"She became my mentor," Rachel said. "She was my new inspiration. She was young, she played guitar, and she was good."
Rachel's brother, Niko, who couldn't let his younger sister outshine him, had, in the meantime, also started writing songs and began drumming for the Krybabies, a teen blues band. He'd go on to play with Ashlee Rose, winning Seventeen Magazine's Top Ten Teen Bands in the nation.
For that reason, Rachel, who said her brother was "a little jealous," said it's her time to shine.
"If I get famous, he gets famous. He's my guitar player and my brother so I don't know what he's crying about."
Niko, a tall, muscular blond 20-year-old, said simply, "A vote for Rachel is a vote for me."
The two have a gentle, collaborative relationship onstage, with Rachel often glancing at her older brother for reassurance and Niko strumming a complicated guitar riff to complement his sister's voice. During the funnier parts of songs, the two look at each other and smile.
The Lavens, while excited about their children's musical talents, have their head on straight about an industry that can be bitterly tough. Jana, 46, a singer herself, talked about the difficulty of making it in the music scene where "so many people out there are doing the same thing as you and it's hard to stand apart."
One Cove regular, 54-year-old Rudy Jones, said he's been coming to Rachel's shows for years. "I knew I was watching someone incredible," he said. "She writes and plays beyond her years. I knew she was a prodigy."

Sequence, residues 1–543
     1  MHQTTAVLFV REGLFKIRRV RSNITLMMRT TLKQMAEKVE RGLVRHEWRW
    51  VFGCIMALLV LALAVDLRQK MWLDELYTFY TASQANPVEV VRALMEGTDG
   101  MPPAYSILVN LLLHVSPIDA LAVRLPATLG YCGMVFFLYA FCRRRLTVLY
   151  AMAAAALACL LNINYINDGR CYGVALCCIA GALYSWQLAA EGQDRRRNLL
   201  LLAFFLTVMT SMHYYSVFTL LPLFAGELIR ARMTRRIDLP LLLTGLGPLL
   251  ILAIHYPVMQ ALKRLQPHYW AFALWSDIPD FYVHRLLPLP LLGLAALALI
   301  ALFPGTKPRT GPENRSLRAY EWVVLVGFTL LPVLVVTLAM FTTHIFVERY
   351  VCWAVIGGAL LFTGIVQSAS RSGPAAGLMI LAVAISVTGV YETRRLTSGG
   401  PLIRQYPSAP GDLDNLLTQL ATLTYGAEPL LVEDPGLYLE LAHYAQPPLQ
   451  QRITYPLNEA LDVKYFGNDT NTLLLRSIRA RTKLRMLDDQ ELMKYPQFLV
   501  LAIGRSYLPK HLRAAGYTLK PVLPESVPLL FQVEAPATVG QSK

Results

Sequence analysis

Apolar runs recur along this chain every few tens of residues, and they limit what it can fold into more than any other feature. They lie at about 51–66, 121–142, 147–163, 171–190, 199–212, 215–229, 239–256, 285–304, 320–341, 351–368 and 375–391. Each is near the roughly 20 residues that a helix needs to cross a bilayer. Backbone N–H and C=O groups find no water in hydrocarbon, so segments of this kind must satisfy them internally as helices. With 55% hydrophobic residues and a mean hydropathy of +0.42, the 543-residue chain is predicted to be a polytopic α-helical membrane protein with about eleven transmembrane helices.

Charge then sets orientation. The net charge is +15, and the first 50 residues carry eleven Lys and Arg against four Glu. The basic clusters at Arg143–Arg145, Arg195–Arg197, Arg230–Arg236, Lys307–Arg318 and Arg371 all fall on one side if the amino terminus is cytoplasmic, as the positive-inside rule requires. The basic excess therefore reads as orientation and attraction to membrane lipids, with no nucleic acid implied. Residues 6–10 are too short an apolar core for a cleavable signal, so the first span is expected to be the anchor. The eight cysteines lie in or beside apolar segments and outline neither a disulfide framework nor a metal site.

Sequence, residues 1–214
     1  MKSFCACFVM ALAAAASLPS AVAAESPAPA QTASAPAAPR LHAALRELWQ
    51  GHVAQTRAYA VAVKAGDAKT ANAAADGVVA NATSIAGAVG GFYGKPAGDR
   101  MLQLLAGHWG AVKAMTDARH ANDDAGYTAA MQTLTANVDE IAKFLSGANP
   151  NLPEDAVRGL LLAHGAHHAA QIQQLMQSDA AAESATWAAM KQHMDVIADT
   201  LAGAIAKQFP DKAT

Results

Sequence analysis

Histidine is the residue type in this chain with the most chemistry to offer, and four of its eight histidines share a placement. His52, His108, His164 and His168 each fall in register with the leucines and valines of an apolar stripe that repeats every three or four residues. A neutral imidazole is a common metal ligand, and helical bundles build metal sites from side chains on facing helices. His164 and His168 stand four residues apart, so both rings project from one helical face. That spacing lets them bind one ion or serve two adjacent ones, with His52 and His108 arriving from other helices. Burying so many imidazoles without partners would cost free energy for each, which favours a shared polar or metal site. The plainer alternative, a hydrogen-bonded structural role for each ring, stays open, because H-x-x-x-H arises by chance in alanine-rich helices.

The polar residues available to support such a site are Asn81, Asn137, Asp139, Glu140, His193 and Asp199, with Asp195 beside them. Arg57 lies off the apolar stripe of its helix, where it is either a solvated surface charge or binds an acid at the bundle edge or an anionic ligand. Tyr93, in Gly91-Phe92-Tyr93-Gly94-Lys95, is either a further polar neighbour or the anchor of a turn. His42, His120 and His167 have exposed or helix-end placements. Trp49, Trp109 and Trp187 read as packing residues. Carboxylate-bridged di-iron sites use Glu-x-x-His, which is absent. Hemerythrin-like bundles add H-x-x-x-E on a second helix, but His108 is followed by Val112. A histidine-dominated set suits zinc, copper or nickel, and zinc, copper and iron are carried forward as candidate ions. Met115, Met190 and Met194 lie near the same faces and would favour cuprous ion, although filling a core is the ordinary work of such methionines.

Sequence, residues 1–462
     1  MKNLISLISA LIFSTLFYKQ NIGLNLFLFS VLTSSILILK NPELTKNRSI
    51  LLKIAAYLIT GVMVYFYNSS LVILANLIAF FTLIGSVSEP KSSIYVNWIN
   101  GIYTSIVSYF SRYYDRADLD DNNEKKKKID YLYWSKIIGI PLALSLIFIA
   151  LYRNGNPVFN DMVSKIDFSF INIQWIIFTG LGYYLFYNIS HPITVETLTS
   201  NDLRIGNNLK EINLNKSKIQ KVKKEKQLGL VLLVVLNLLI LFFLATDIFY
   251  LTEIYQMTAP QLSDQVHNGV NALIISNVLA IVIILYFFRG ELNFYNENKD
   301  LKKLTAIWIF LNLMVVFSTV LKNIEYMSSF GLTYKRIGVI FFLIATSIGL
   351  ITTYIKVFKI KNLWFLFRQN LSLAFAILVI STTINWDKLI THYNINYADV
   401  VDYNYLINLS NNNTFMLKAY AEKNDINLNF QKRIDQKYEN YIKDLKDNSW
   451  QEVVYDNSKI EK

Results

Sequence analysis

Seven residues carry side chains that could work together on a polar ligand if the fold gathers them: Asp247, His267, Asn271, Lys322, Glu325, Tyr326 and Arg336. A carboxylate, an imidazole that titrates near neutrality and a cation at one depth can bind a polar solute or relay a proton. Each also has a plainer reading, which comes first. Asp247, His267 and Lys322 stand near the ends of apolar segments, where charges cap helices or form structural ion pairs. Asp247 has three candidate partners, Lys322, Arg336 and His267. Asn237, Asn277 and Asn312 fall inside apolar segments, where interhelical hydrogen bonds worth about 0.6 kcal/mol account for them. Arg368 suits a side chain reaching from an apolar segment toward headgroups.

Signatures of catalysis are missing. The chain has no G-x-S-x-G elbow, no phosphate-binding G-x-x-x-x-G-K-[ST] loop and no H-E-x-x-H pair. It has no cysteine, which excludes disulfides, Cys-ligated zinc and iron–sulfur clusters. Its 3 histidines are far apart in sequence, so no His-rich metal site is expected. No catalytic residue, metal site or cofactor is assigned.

Jana, however, is more levelheaded about her daughter's talent, saying, "I think it's kids learning what they like to do and doing it early."
Wanting to stave off disappointment, Jana and Andreas have told Rachel she's already won by making it this far in the contest.
"But it would be really cool to play in London," she said, her eyes big. "Besides, I'm the onl - SA Express News--Lomi Kriel


Rachel Laven wants to conquer the world.
Her dad, for one, believes his golden-haired 14-year-old with the silver voice can do it. After all, she was only 10 when, in a fit of child-like impetuosity inspired by another local 12 year old musician, she quit piano to play guitar.
Andreas Laven, an administrator at Kriterion Montessori School who had just sunk hundreds of dollars into piano lessons, made his daughter a deal: "Learn six chords, and I'll buy you a guitar."
The next day, Rachel had learned nine.
Since then she has gone on to write dozens of songs that her family band, the Lavens, plays every Friday at the Cove, a live music bar-cum-laundromat-cum-carwash on West Cypress Street.
So, a few months ago, when Andreas saw that the British Broadcasting Corp. was sponsoring an internation competition searching for the "next big thing," he didn't hesitate to enter his daughter. Rachel beat out more than 1100 entries--from countries as far-flung as Nigeria and Russia--to be one of 20 acts picked for the finals. Tuesday is the deadline to vote.